Table 1

Comparison of students regarding English Speaking Skills at Entry and Graduation Level

Variable

Level

N

Mean

Std. Dev.

t

Sig. (2-tailed)

Speaking Skills

Entry

131

15.10

5.62

-0.569

0.51

Graduation

75

14.63

6.02

Dialogue

Entry

131

8.15

2.99

1.210

0.159

Graduation

75

7.54

3.00

Monologue

Entry

131

6.95

3.03

-0.305

0.761

 

Graduation

75

7.09

3.26

  
Table2 talks about ‘Dialogue’ whereas Table3 about ‘Monologue’. Both the tables show that the prospective teachers do not differ significantly in all the six criteria of the dialogue and the monologue. The areas are the task completion, comprehensibility, fluency, pronunciation, vocabulary, and language control. So, there is no progress in the English speaking skills of the prospective teachers at entry and graduation level in one year teacher education program.
Table 2

Comparison of students regarding dialogue at Entry and Graduation Level

Variable

Level

N

Mean

Std. Dev.

t

Sig. (2-tailed)

Dialogue

Entry

131

8.15

2.99

1.210

0.159

Graduation

75

7.54

3.00

Task completion

Entry

131

1.42

0.63

0.481

0.631

Graduation

75

1.38

0.55

Compressibility

Entry

131

1.42

0.61

1.006

0.315

Graduation

75

1.33

0.54

Fluency

Entry

131

1.35

0.61

0.627

0.532

Graduation

75

1.30

0.55

Pronunciation

Entry

131

1.30

0.51

1.908

0.058

Graduation

75

1.16

0.54

Vocabulary

Entry

131

1.30

0.53

1.100

0.273

Graduation

75

1.22

0.52

Language Control

Entry

131

1.25

0.52

1.294

0.197

 

Graduation

75

1.15

0.52

  
Table 3

Comparison of students regarding monologue at Entry and Graduation Level

Variable

Level

N

Mean

Std. Dev.

t

Sig. (2-tailed)

Monologue

Entry

131

6.95

3.03

-0.305

0.761

Graduation

75

7.09

3.26

Task completion

Entry

131

1.26

0.62

-0.426

0.671

Graduation

75

1.29

0.64

Compressibility

Entry

131

1.24

0.59

-0.224

0.823

Graduation

75

1.26

0.62

Fluency

Entry

131

1.20

0.64

0.527

0.599

Graduation

75

1.15

0.65

Pronunciation

Entry

131

1.12

0.50

-0.147

0.883

Graduation

75

1.13

0.56

Vocabulary

Entry

131

1.06

0.49

-1.309

0.192

Graduation

75

1.16

0.57

Language Control

Entry

131

1.07

0.53

-0.231

0.818

 

Graduation

75

1.09

0.55

  

Results and Discussion

The results of this study reveal that there is no improvement in the English speaking skills after one complete academic year, despite the fact that the medium of instruction and assessment is English. It might be due to two main reasons: assessment of writing skills only and use of local language in instruction as both the teacher educators and prospective teachers share same local language in Pakistan. Firstly, any language can be decomposed into four basic skills: reading, writing, listening and speaking. But in actual practice only one (out of four) skills written English is assessed in Pakistan (Khan,2013). Assessment has much more influence on students’ learning behaviour as compared to that of the teaching (Gibbs & Simpson,2004). Students try to find out the hidden curriculum (skills to be assessed). After the discovery of the hidden curriculum, students divert their effort towards writing skills only. So, the students get prepared for written examination according to the requirements of the assessment. They do not pay any heed to spoken skills which are not assessed. From the students’ point of view, assessment always defines the actual curriculum, which is in writing skills only (Ramsden,1992). There is worldwide recognition that oral skills need to be assessed (Wilde et al.2009). This is a reminder to the Pakistani universities where students pass the examinations without any improvement in oral skills. The pressure to maximize examination scores shifts the emphasis on those tasks only which are assessed.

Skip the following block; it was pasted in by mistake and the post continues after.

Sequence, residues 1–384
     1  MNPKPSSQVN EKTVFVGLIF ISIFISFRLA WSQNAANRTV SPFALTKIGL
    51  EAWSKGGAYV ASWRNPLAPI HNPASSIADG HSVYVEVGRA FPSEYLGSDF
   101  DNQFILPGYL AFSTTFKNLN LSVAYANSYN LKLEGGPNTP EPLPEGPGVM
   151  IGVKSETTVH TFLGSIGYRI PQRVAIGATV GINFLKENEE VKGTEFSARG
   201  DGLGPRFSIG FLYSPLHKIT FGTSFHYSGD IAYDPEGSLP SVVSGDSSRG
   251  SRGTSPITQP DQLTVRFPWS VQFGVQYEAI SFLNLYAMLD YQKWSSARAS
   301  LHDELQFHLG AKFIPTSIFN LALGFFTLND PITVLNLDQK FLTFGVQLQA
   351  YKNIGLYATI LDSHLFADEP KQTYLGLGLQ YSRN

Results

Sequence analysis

Secondly, in Pakistan university teacher educators use Urdu language to accommodate prospective teachers from all language backgrounds but in practice it seems that they do so to cover their own deficiencies (Khan,2013). This is pertinent to note here that there is no aptitude and entry test for getting admission in teacher education programs in Pakistan, only marks in pervious degree are considered for admission. The results of the study conform to those of other studies in Pakistan but contrast to study conducted in United Arab Emirate (Khan,2013; Rogier et al.2012). It seems that if teacher educator and prospective teachers share the same local language, the improvement of spoken second language hinders.

Conclusions

Assessment of Pakistani students’ English speaking skills at Entry and Graduation Level revealed that there was no change in the English speaking skills after one complete academic year. The spoken language needs to be included in assessment process to improve speaking skills in teacher education programs in Pakistan.

Declarations

Authors’ Affiliations

(1)
Department of Education, University of Sargodha
(2)
Department of English, University of Sargodha

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Copyright

© Sarwar et al.; licensee Springer. 2014

This article is published under license to BioMed Central Ltd. This is an Open Access article distributed under the terms of the Creative Commons Attribution License (http://creativecommons.org/licenses/by/4.0), which permits unrestricted use, distribution, and reproduction in any medium, provided the original work is properly credited.